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Category: Tax
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Experience:  CPA with tax experience.
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I have been an independent contractor, for the same company,

Resolved Question:

I have been an independent contractor, for the same company, for close to 10 years now. I am given a 1099 Misc form to file with my 1040 and I file a schedule C along with my 1040.

As you can imagine, the tax burden is extremely high with this tax structure, so I consulted a tax advisor for some advice.

He indicated I should set myself up as a Sub-Chapter S corporation, which would greatly reduce my tax burden. My question is ~ can a person receiving a 1099 Misc form set themselves up as a Sub-Chapter S corporation. I tried to find out additional information on the IRS website and I walked away with zero answers to my question. I would like to go this route, but I want to make sure it is legal, since a company does generate a 1099-Misc every year for me.

Any information, or references to look, is greatly appreciated.
Submitted: 7 years ago.
Category: Tax
Expert:  JKCPA replied 7 years ago.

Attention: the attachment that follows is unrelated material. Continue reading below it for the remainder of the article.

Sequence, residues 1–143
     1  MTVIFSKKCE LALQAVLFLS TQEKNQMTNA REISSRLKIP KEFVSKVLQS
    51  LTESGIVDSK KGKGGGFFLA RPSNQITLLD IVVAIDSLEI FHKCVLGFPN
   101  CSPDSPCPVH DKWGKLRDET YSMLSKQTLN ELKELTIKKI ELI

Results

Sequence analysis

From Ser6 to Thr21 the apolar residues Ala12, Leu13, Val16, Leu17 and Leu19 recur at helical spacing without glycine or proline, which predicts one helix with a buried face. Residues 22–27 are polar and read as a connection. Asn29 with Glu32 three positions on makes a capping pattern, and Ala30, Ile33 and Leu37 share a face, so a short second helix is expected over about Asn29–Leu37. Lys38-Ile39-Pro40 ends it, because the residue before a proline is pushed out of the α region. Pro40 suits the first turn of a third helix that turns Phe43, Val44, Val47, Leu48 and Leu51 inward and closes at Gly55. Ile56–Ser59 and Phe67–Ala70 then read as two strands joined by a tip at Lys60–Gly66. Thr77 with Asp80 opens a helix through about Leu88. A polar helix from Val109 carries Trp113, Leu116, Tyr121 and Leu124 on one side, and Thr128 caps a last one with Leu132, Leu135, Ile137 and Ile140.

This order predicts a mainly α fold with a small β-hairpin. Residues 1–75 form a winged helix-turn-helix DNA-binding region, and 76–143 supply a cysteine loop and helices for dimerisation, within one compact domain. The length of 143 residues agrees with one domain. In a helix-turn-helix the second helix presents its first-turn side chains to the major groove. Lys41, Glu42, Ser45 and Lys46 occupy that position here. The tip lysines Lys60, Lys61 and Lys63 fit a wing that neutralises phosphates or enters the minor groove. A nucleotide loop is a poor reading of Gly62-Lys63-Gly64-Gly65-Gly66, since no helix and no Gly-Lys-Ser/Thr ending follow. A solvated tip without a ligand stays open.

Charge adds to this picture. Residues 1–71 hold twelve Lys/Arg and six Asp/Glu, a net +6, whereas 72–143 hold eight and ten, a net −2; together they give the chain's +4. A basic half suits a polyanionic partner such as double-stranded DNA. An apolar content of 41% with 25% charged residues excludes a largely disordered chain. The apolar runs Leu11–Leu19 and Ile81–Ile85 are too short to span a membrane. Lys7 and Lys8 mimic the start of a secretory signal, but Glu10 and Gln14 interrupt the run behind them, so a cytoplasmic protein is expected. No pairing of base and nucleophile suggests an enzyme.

Thanks for your question.


Yes, if you have a true business purpose, you could form an S-corporation but it does require a lot of filings. Before you do this, check with your payer and make sure they will pay you "corp to corp". In addition to the state requirements for forming a corporation, you'd have to apply for an employer ID# (EIN). Then, you would give a W-9 form with your EIN to the company you do work for and they would have to take out your SSN from their system since they will now be paying your corporation and not you personally. Once they do this, they will no longer be required to issue a 1099-Misc since you have incorporated your business into an S-Corporation.


You would still have to pay yourself a "reasonable salary" from your S-corp which would still be subject to self-employment (SE) tax. Any amounts over your salary, you can withdraw as dividends (not subject to SE tax). If you do not pay yourself a reasonable salary, this could trigger IRS scrutiny.


For more information on S-corporation filing requirements, see,,id=98263,00.html and,,id=200293,00.html


If you wish also to have limited liability protection, you may also wish to consider forming an Limited Liability Company (LLC) first and then electing S-corp status for your LLC. It is always best to consult a qualified tax professional such as a CPA or tax attorney for help in selecting and forming the best business type for you.


Hope this helps,

Best regards,




Edited by JK_CPA on 6/2/2010 at 9:36 PM EST
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